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Win2003 SBS +11K in Errors and Spoofed messages HELP!!!!

Posted on 2011-04-20
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Last Modified: 2012-05-11
Lately I've been getting a ton of errors on my Windows 2003 SBS Server.  In addition to the errors I've gotten 90% of users telling me that they are getting spam emails from themselves and other users on the network.

I'm running Windows 2003 SBS with Exchange 2003.   User workstations are running Windows XP Professional.

We have Trend Micro Security Dashboard installed on the server and Trend Micro Client on the workstations, Postini for spam filtering and a Sonic Wall TZ170 Firewall.  

The error messages I'm getting is:

This was today:


Critical Errors in Security Log

Source       Event ID       Last Occurrence       Total Occurrences
  Security       529       4/20/2011 5:45 AM       10,940 *
Logon Failure:
       Reason:      Unknown user name or bad password
       User Name:      anonymous
       Domain:       
       Logon Type:      3
       Logon Process:      Advapi
       Authentication Package:      MICROSOFT_AUTHENTICATION_PACKAGE_V1_0
       Workstation Name:      WWIPDC
       Caller User Name:      WWIPDC$
       Caller Domain:      WWI
       Caller Logon ID:      (0x0,0x3E7)
       Caller Process ID:      1724
       Transited Services:      -
       Source Network Address:      -
       Source Port:      -


This was yesterday:

Critical Errors in Security Log

Source       Event ID       Last Occurrence       Total Occurrences
  Security       529       4/19/2011 5:46 AM       2,937 *
Logon Failure:
       Reason:      Unknown user name or bad password
       User Name:      company
       Domain:       
       Logon Type:      3
       Logon Process:      Advapi
       Authentication Package:      MICROSOFT_AUTHENTICATION_PACKAGE_V1_0
       Workstation Name:      WWIPDC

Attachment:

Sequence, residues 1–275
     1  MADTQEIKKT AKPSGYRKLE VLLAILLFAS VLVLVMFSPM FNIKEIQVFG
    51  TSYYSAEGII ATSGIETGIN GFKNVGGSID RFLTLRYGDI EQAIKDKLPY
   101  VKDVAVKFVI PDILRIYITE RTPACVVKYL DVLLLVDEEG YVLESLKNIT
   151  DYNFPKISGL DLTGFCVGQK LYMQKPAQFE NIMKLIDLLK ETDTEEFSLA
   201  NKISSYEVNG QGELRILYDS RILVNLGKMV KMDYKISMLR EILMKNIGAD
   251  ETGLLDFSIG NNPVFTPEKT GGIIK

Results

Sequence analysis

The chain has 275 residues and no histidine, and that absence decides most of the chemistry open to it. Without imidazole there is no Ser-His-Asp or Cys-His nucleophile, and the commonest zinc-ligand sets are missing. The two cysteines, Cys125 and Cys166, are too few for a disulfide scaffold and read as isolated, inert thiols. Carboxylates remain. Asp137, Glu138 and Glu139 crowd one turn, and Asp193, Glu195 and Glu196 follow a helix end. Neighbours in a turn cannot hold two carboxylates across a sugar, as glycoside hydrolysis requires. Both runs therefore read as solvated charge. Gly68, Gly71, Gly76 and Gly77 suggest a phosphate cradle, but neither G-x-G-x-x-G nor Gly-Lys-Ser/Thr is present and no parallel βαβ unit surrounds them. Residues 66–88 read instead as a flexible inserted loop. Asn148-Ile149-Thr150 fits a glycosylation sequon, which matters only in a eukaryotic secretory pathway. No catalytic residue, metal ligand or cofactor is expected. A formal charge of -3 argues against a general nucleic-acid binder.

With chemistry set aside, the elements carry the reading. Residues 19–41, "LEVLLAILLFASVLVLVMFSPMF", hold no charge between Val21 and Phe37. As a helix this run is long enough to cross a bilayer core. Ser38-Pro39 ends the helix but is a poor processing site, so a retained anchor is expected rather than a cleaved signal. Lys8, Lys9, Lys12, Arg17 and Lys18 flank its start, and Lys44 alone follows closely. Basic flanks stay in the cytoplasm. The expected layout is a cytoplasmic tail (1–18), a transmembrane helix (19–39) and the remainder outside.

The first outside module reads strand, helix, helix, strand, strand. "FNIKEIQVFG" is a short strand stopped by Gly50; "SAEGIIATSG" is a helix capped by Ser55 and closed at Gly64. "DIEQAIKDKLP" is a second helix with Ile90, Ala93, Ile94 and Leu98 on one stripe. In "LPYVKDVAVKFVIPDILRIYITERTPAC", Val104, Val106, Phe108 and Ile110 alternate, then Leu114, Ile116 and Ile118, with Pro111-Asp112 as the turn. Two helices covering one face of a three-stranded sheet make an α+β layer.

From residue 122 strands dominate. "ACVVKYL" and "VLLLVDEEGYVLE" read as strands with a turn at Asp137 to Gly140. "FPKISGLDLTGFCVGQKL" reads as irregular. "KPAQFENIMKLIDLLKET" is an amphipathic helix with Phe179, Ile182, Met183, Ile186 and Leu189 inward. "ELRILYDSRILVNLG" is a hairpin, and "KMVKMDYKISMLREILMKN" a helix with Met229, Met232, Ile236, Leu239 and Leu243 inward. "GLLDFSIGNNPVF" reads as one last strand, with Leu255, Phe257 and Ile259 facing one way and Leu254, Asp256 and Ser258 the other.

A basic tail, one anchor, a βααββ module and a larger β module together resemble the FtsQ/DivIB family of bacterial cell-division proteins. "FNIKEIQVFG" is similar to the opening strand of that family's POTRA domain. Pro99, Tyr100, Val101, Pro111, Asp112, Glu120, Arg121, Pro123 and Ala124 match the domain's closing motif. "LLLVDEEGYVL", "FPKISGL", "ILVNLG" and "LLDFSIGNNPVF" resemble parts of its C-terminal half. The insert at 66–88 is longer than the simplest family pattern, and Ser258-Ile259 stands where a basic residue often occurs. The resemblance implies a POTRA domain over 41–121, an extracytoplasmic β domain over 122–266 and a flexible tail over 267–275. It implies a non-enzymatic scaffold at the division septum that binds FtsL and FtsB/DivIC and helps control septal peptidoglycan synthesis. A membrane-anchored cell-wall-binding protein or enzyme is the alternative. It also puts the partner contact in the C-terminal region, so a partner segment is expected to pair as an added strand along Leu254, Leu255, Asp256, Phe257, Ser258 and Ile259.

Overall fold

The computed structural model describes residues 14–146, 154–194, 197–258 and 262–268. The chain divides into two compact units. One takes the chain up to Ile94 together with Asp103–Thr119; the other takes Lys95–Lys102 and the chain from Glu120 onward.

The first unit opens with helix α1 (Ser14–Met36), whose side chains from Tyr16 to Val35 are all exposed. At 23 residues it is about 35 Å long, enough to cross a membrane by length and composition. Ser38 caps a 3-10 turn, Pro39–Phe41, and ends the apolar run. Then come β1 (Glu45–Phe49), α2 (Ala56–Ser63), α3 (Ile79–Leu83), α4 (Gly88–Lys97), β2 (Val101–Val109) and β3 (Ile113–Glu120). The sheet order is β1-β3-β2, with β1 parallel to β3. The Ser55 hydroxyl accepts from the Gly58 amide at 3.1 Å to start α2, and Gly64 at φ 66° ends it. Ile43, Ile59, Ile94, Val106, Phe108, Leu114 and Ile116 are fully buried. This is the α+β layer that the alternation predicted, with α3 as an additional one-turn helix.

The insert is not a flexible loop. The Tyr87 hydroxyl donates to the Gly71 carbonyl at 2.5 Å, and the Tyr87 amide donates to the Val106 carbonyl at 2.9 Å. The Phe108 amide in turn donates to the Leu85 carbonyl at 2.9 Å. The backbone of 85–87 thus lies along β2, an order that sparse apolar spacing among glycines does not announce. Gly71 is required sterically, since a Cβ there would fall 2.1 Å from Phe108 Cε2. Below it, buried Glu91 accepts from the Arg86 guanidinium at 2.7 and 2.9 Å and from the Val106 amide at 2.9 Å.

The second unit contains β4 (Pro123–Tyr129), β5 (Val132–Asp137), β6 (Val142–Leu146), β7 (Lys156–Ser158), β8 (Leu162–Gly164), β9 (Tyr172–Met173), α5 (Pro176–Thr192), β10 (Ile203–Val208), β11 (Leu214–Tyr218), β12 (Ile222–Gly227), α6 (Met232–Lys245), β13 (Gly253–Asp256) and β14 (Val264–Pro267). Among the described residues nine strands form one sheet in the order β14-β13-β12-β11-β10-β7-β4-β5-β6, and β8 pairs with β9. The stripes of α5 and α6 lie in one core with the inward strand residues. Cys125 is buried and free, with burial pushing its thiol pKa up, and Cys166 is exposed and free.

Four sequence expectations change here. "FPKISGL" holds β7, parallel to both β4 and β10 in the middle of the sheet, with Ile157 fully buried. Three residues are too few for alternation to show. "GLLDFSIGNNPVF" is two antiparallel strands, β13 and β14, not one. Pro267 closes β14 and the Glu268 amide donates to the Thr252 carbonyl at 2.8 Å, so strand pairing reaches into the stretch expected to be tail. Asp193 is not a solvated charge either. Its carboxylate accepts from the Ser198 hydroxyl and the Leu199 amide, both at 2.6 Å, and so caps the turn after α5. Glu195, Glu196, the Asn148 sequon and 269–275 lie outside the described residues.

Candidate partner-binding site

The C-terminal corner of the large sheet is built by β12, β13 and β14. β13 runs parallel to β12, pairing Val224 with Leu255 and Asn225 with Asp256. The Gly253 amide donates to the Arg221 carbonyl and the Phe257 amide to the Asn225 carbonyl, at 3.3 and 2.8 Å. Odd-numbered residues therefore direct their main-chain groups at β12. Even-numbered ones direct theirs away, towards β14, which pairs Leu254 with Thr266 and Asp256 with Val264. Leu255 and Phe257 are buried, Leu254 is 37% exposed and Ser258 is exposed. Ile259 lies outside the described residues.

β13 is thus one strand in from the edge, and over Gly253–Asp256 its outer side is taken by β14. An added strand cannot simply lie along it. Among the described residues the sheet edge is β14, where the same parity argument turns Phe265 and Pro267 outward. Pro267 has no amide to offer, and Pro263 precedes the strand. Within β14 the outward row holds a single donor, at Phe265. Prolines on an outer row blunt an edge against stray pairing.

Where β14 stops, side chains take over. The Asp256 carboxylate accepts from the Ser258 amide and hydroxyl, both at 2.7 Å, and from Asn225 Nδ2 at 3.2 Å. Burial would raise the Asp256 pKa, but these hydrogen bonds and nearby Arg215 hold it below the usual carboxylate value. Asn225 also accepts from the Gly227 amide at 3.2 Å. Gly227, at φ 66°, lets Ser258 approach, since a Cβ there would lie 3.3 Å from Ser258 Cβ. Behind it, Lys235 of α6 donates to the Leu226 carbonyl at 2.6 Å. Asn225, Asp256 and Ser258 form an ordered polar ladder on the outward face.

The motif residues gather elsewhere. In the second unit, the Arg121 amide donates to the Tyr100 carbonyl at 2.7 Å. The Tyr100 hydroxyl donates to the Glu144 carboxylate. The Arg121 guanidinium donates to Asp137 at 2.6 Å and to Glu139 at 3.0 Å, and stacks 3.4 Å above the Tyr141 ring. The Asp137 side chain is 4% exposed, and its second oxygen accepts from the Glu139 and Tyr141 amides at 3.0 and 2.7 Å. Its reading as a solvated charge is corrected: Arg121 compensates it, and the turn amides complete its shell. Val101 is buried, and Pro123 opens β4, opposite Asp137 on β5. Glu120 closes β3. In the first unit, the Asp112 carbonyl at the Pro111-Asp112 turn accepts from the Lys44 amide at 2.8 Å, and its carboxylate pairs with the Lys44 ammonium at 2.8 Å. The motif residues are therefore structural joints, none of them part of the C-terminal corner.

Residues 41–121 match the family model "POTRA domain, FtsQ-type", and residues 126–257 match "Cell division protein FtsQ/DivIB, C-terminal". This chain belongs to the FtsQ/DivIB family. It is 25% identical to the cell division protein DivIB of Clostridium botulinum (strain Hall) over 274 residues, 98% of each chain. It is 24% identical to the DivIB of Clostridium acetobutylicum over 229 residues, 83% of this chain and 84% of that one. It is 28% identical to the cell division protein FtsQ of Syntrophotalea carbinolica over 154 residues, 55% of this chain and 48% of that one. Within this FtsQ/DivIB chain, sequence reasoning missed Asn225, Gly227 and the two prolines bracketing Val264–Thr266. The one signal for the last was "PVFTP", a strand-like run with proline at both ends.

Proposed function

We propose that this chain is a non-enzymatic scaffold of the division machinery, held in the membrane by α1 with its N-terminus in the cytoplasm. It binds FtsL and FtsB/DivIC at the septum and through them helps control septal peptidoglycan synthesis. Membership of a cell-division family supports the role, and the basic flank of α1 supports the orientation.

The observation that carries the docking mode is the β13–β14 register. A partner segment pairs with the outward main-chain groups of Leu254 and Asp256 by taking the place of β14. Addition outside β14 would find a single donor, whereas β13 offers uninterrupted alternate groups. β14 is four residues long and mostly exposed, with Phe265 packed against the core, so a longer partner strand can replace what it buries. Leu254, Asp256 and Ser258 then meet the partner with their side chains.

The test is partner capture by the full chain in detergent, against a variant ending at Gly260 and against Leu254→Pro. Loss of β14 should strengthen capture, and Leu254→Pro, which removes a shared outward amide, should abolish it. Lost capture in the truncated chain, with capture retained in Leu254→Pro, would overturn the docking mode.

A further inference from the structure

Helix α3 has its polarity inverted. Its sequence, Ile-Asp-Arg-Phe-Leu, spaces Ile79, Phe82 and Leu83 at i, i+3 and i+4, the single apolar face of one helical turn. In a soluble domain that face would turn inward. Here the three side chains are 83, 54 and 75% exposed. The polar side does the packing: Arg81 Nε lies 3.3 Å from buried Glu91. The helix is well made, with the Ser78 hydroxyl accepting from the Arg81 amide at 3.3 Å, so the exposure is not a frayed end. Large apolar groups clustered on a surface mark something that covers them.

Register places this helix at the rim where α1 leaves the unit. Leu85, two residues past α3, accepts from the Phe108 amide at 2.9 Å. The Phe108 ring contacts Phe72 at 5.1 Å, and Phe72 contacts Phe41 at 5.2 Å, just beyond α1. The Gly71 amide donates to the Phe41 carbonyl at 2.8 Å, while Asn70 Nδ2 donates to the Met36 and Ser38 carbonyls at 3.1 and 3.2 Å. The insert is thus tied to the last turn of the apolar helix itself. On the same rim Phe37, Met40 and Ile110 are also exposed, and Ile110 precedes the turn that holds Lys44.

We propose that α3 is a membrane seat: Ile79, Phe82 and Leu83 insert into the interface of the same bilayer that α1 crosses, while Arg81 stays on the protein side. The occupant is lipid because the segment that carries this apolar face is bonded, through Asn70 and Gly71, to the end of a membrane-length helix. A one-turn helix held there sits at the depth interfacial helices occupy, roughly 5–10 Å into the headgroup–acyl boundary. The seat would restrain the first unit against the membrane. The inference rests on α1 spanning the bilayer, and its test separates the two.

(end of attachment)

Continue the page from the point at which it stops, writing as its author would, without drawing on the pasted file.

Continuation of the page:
Caller User Name:      WWIPDC$
       Caller Domain:      WWI
       Caller Logon ID:      (0x0,0x3E7)
       Caller Process ID:      1724
       Transited Services:      -
       Source Network Address:      -
       Source Port:      -


What would I need to do to stop the spoofing on my network and what is causing these errors to suddenly show up?

Please help.

Thanks
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Question by:jungliss28
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13 Comments
 
LVL 9

Expert Comment

by:ittogo
ID: 35432027
Do you have any open incoming ports on your firewall?  Looks like someone is trying to do a brute force password attack.
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Author Comment

by:jungliss28
ID: 35432234
These are the only ports I have open.

4 open ports:

       25      smtp      Success      47 ms
       80      http      Success      47 ms
       110      pop3      Success      47 ms
       443      https      Success      47 ms

Is there anything on the Sonic Wall FW that I would need to configure to prevent the brute force password attack an if so how would I go about doing it?

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LVL 9

Expert Comment

by:ittogo
ID: 35432372
If you can block the port temporarily, the attemps should show up in the logs on the Sonicwall, or see if the Sonicwall will let you log all traffic and sort through the traffic.  If they are all coming from the same IP, you could block that IP address.  If you can not block the port, you could install a network sniffer like wireshark (http://www.wireshark.org/) and see where the traffic is comming from.
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Author Comment

by:jungliss28
ID: 35432875
Cool thanks let me try that today.  I may not be able to shut the ports down until after hours though.  Two other question.  Do I install wireshark on the server or on a workstation?   Also will it cause any problems with my exchange server?

Thanks
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LVL 9

Expert Comment